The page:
This work points to the role of Judaism, particularly its inventions of new religious life following the destruction of the Second Temple in 70 CE. The end of animal sacrifice gave rise to new forms of worship, with a concern for personal salvation, scriptural study, and rituals like praying.
The Strange World of Human Sacrifice is the first modern collection of studies on one of the most gruesome and intriguing aspects of religion. The volume starts with a brief introduction, which is followed by studies of Aztec human sacrifice and the literary motif of human sacrifice in medieval Irish literature. Turning to ancient Greece, three cases of human sacrifice are analysed: a ritual example, a mythical case, and one in which myth and ritual are interrelated. The early Christians were the victims of accusations of human sacrifice, but in turn imputed the crime to heterodox Christians, just as the Jews imputed the crime to their neighbours. The ancient Egyptians rarely seem to have practised human sacrifice, but buried the pharaoh's servants with him in order to serve him in the afterlife, albeit only for a brief period at the very beginning of pharaonic civilization. In ancient India we can follow the traditions of human sacrifice from the earliest texts up to modern times, where especially in eastern India goddesses, such as Kali, were long worshipped with human victims. In Japanese tales human sacrifice often takes the form of self-sacrifice, and there may well be a line from these early sacrifices to modern kamikaze. The last study throws a surprising light on human sacrifice in China. The volume is concluded with a detailed index
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Blood for Thought delves into a relatively unexplored area of rabbinic literature: the vast corpus of laws, regulations, and instructions pertaining to sacrificial rituals. Mira Balberg traces and analyzes the ways in which the early rabbis interpreted and conceived of biblical sacrifices, reinventing them as a site through which to negotiate intellectual, cultural, and religious trends and practices in their surrounding world. Rather than viewing the rabbinic project as an attempt to generate a nonsacrificial version of Judaism, she argues that the rabbis developed a new sacrificial Jewish tradition altogether, consisting of not merely substitutes to sacrifice but elaborate practical manuals that redefined the processes themselves, radically transforming the meanings of sacrifice, its efficacy, and its value.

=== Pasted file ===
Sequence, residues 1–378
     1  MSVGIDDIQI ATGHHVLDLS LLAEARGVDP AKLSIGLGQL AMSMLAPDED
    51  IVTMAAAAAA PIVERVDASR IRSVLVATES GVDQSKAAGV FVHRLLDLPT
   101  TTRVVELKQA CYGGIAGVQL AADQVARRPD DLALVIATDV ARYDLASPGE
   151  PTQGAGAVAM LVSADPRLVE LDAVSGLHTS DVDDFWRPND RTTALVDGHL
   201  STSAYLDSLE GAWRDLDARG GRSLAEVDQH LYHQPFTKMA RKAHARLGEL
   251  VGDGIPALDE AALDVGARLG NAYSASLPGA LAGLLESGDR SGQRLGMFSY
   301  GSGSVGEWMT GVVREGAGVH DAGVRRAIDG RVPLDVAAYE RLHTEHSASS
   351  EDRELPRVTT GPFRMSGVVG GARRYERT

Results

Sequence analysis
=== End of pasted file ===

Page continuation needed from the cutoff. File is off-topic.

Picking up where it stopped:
For the Greeks, the sharing of cooked meats was the fundamental communal act, so that to become vegetarian was a way of refusing society. It follows that the roasting or cooking of meat was a political act, as the division of portions asserted a social order. And the only proper manner of preparing meat for consumption, according to the Greeks, was blood sacrifice. The fundamental myth is that of Prometheus, who introduced sacrifice and, in the process, both joined us to and separated us from the gods—and ambiguous relation that recurs in marriage and in the growing of grain. Thus we can understand why the ascetic man refuses both women and meat, and why Greek women celebrated the festival of grain-giving Demeter with instruments of butchery. The ambiguity coded in the consumption of meat generated a mythology of the "other"—werewolves, Scythians, Ethiopians, and other "monsters." The study of the sacrificial consumption of meat thus leads into exotic territory and to unexpected findings. In The Cuisine of Sacrifice, the contributors—all scholars affiliated with the Center for Comparative Studies of Ancient Societies in Paris—apply methods from structural anthropology, comparative religion, and philology to a diversity of topics: the relation of political power to sacrificial practice; the Promethean myth as the foundation story of sacrificial practice; representations of sacrifice found on Greek vases; the technique and anatomy of sacrifice; the interaction of image, language, and ritual; the position of women in sacrificial custom and the female ritual of the Thesmophoria; the mythical status of wolves in Greece and their relation to the sacrifice of domesticated animals; the role and significance of food-related ritual in Homer and Hesiod; ancient Greek perceptions of Scythian sacrificial rites; and remnants of sacrificial ritual in modern Greek practices.